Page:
Forward Diary

Stocks & Shares - Investing in Small Caps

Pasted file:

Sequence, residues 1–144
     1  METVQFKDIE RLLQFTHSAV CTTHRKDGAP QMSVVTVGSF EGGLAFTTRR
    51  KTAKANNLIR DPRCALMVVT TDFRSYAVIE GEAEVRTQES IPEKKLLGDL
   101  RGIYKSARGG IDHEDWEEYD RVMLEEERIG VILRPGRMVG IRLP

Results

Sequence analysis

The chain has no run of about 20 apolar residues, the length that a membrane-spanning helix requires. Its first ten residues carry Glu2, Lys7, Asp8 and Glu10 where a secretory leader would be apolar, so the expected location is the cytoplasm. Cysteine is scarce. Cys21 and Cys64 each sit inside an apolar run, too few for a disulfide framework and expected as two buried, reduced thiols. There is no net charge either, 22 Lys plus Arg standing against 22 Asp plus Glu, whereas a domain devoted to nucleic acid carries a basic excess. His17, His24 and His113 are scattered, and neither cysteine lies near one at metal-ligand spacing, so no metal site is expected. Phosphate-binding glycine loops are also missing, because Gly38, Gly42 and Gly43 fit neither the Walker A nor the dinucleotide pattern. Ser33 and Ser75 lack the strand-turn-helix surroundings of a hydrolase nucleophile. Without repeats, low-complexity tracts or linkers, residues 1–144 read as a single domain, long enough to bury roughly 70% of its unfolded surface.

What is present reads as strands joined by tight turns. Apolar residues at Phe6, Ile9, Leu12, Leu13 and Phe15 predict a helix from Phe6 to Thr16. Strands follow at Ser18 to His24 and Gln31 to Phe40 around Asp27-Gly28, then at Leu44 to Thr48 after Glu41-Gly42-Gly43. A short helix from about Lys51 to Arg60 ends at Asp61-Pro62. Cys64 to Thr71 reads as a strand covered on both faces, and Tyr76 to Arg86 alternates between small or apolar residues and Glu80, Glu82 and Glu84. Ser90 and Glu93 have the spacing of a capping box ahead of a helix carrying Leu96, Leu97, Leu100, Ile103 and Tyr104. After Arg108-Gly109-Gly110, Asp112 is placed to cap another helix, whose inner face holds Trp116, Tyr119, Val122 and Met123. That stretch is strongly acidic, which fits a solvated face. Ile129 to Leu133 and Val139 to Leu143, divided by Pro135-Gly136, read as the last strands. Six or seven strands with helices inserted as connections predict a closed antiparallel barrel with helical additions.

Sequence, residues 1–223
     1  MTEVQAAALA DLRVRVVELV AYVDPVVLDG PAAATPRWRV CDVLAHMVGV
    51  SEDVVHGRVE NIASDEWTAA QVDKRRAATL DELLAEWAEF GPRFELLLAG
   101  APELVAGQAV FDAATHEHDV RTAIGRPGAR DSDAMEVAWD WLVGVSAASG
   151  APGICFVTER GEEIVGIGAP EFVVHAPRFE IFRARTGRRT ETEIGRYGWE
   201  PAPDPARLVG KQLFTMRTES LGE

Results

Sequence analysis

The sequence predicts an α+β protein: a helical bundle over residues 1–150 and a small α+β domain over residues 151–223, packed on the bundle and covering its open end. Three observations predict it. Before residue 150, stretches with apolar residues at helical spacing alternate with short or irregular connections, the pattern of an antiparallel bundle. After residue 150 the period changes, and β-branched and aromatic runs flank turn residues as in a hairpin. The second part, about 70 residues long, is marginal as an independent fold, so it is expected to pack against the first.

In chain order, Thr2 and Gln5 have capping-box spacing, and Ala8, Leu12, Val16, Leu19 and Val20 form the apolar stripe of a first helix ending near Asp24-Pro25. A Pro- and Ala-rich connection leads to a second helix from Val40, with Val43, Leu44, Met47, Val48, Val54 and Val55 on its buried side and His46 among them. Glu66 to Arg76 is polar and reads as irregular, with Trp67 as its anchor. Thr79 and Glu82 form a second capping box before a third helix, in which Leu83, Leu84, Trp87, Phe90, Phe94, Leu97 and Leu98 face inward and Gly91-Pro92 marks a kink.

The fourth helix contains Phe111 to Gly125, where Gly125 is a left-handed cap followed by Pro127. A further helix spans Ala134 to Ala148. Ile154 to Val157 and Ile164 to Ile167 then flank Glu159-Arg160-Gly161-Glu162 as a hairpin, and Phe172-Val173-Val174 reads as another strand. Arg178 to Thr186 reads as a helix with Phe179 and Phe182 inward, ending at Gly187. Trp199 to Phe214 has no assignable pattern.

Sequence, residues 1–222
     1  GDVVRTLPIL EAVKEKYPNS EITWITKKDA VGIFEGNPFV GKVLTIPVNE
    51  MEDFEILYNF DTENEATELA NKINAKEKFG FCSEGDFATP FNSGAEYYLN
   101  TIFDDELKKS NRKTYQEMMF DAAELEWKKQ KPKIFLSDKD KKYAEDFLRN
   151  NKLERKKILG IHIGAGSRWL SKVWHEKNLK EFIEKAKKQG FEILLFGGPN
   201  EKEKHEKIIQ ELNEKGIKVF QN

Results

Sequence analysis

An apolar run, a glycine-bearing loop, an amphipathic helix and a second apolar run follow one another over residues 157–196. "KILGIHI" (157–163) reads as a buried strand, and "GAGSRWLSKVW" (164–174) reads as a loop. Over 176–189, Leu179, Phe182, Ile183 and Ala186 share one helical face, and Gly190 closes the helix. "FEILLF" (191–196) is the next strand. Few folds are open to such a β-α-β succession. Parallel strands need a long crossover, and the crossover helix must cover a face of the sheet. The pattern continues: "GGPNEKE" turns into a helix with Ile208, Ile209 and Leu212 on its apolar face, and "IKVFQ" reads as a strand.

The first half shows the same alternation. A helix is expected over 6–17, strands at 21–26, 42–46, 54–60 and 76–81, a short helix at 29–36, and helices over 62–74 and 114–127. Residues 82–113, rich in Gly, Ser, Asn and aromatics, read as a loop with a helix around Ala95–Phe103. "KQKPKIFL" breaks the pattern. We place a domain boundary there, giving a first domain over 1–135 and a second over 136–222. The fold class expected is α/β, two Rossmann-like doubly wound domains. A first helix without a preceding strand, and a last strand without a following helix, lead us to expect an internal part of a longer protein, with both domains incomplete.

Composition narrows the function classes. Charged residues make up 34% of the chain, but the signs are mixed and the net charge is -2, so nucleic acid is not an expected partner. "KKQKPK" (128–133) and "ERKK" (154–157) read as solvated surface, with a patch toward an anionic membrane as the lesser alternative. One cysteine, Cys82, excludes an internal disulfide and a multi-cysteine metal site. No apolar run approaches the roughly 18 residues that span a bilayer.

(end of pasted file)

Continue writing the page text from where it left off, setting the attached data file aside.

The Holy Grail of stock-market investment for many enthusiasts is the ‘ten bagger’, a share which rises to ten times its original price or more. In the UK, ASOS, the internet fashion retailer, has been one of the greatest stories of recent years. Ten years ago, it was trading at around 46p and now the shares are each worth about 615p. It is no coincidence that technology stocks figure strongly on the horizon of investors looking for small-cap minnows with the potential to become large-cap whales one day. Some of these companies may fall by the wayside, and many did when the late-90s tech boom came to a sticky end, but this is part of the risk-reward equation we have already discussed. Ten baggers may be recovery stocks – basically sound companies that have bounced back after falling out of favour with the market for one reason or another. Or they may be great growth stories that were so small it took a long time before anyone took much notice of them. If one such stock in the portfolio takes off big- time, it can make up for a lot of disappointment from other holdings – but there is no guarantee of hitting the jackpot. Sifting the small company wheat from the chaff can be a daunting task, as there are a great many of them and information is not always easy to come by. Fortunately, magazines such as Shares provide a wealth of research and opinion for private investors, often covering quite obscure companies. Bulletin boards on websites such as allow you to chat with other private investors about the shares you are interested in. As a guide to the potential of a small company, check out its PEG – price/earnings to growth – ratio and its cash flow and cash burn. PEG is calculated by dividing the company’s prospective PE ratio by its estimated future growth rate in earnings per share. A potential ten bagger will tend to operate in a growth market, have a strong cash position and a PEG below 1. The main hunting ground in the UK for potential ten-baggers is the LSE’s Alternative Investment Market, AIM. Its listed stocks include a wide range of businesses including early stage, venture-capital backed companies as well as more established businesses seeking access to growth capital. ‘AIM is the London Stock Exchange's market for small and growing companies,’ says Marcus Stuttard, the LSE’s Head of AIM. ‘You can use it to buy shares in ambitious new firms which may be at an earlier stage in their development than big established companies, but which potentially offer higher rewards. Since its launch 15 years ago, investors have shared in the growth of thousands of companies from all over the world through AIM; companies like Majestic Wine and Domino's Pizza [now listed on the Main Market] which have developed into successful businesses worth hundreds of millions of pounds.’ An AIM listing is less expensive for companies than one on the LSE’s main market, and the requirements are not as onerous. However, AIM companies are generally of less interest to the big institutional investors and apart from the largest – for example those that make up the FTSE Aim 50 index – tend to be thinly researched by stock market analysts. One disadvantage of AIM is that although it is run by the LSE it is not classed as a ‘recognised stock exchange’ for ISA purposes. Unless a stock is also listed else- where on a recognised exchange, you will not be able to include it in an ISA and benefit from the tax break on any capital gains that this provides. Qualifying AIM stocks may, however, be eligible for Inheritance Tax Relief. More recently, we have seen the launch of PLUS, a new small & mid-cap stock exchange, which is a recognised exchange. Not a bad thing Lack of attention from major institutions and analysts is not necessarily a bad thing. Often the most profitable openings among small-cap stocks are to be found in companies that operate under the radar of big investors. With less coverage from brokers and analysts, everyone has a chance of discovering a few hidden gems. Small-cap stocks can appreciate dramatically once they get going. This is because a sizeable order may well encourage the market-makers to move prices quickly to tempt investors to trade. However, if there is no catalyst, lack of liquidity–cash provided by willing buyers and sellers – can leave prices static and investors may end up paying a wider spread. The risk with trading really small stocks is that if the liquidity dries up it becomes costly to trade because spreads (the difference between buying and selling prices) widens. As long as you are trading within Normal Market Size, you can deal in small caps via your broker’s online platform in the same way as you would deal in the blue chips. These systems generally poll a network of market makers to see if any will improve on the best bid and offer prices, which usually produces a small saving. If trading in large size or against a wide bid-offer spread, it is worthwhile telephoning the broker’s dealing desk to try and negotiate a better deal. When it comes to spread betting and CFD platforms, coverage of small caps varies. Some go down to companies worth as little as £10m, but even if a stock is not on the platform the provider may be prepared to trade via a phone call. Smaller companies have traditionally been much more open to private investors buying in at flotation and some brokers offer investors the opportunity to buy stock in a company before it has joined the stockmarket, known as pre-IPO. Such opportunities may be pretty sparse when market conditions are difficult, however. Traditional brokers will generally buy stock in a company that is about to float at a discount, and then offer this to clients. This stage can be risky, as a company’s lack of trading record and unproven business model can result in investors losing out. Institutional placings Private clients may be offered the chance by their brokers to participate in what are often institutional placings, rather than rights issues, to which they would other- wise have no individual access. Investors may also find themselves dealing with so-called small-cap specialists that will recommend shares after buying a cheap line of stock. The results from such services could be described generously as mixed. A number of specialist ‘penny-share’ dealers were subject to FSA action in 2009 following com- plaints of high-pressure sales tactics. Finally, a word about cash shells. These are companies with money but no trading operations, perhaps because they have sold their only business. There are a number of them listed on both AIM and PLUS. Under AIM rules, shell companies need to complete an acquisition or make a reverse takeover within a certain period to remain listed. Such companies can provide an alternative route for entrepreneurs seeking a listing, avoiding the trouble and expense of an IPO. Cash-shell situations can be a boon, offering investors in a company holding a small amount of cash the prospect of favourable participation in a new listed entity when decent assets are reversed into it. Equally, you could be buying a pig in a poke – a company that is under pressure to do something with its cash just to stay listed. A penny for them Penny shares are investments with a low market price and not traded on the main stock exchange. They are high-risk and difficult to sell on. The FSA has four tips for anyone thinking of buying penny shares from a dealer: Challenge the advice a broker gives you. Ask why a particular share is suitable for your particular circumstances. Research and verify that advice. Make sure you know the risks attached to the shares Ask what commission the broker will get for arranging the sale   This ‘How to’ guide is produced by Shares Magazine and is only for general information and use, and is not intended to address particular requirements.   The value of investments and the income derived from them can go down as well as up. Past performance is not necessarily a guide to future performance.   You should get professional financial advice before making any investment decisions.